How Balenciaga shaped fashion – and made Audrey Hepburn froth at the mouth


Cristóbal Balenciaga at work, Paris, 1968 CREDIT: HENRI CARTIER-BRESSON, MAGNUM PHOTOS

His clothes made Audrey Hepburn froth at the mouth, and Dior called him ‘master’. On the eve of a V&A retrospective of the couturier, The Telegraph salutes Cristóbal Balenciaga….

In 1919, 10 years after a pushy erstwhile cabaret artiste called Coco Chanel had launched a small millinery shop in Paris, Cristóbal Balenciaga, a taciturn Basque, opened his first boutique, in San Sebastián, northern Spain.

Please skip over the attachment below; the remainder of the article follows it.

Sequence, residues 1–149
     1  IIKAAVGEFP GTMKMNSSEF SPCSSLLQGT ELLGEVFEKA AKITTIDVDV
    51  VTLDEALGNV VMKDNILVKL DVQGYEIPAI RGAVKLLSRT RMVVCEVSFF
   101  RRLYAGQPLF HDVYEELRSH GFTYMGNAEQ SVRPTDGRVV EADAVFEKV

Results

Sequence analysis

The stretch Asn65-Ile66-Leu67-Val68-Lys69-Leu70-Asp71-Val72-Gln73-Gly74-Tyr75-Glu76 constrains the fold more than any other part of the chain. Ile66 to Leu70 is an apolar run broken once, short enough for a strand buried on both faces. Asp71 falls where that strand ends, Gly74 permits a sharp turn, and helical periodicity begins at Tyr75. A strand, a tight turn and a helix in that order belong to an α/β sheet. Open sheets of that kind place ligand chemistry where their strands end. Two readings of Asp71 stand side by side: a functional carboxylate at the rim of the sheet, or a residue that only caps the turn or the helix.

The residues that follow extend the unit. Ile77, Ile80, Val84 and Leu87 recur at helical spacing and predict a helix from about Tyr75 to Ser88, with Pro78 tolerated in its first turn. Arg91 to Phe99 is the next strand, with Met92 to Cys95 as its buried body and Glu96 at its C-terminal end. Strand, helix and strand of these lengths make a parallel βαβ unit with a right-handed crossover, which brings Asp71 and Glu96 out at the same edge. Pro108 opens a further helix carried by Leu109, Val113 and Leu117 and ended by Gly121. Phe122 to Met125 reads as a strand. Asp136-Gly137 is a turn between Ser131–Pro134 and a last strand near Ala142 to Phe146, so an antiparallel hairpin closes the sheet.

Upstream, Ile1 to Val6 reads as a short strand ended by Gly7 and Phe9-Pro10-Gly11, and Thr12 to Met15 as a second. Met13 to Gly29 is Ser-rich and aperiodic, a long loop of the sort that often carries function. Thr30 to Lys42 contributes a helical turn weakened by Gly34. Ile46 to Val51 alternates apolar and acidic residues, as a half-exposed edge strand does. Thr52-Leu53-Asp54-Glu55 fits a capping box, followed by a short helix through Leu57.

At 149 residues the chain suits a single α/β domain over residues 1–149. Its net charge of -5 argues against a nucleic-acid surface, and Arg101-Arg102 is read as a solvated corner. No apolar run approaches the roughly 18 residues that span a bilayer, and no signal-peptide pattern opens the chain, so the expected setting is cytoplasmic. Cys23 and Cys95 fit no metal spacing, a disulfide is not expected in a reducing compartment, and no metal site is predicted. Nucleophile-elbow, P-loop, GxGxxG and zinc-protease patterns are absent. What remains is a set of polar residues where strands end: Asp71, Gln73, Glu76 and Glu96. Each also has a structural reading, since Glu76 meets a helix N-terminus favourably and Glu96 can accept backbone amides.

Ostensibly so different, yet united in their push to liberate women from what they both saw as the undignified pomp and vulgarity of the overwrought Edwardian era, between them they would exert the most potent and enduring influence over fashion, style and taste of the 20th century and beyond. It was Chanel, however, who became the personality.

Quick-witted, seemingly able to deliver aphorisms to order, unabashed about her unconventional love life, she was the mirror image of the more tortured.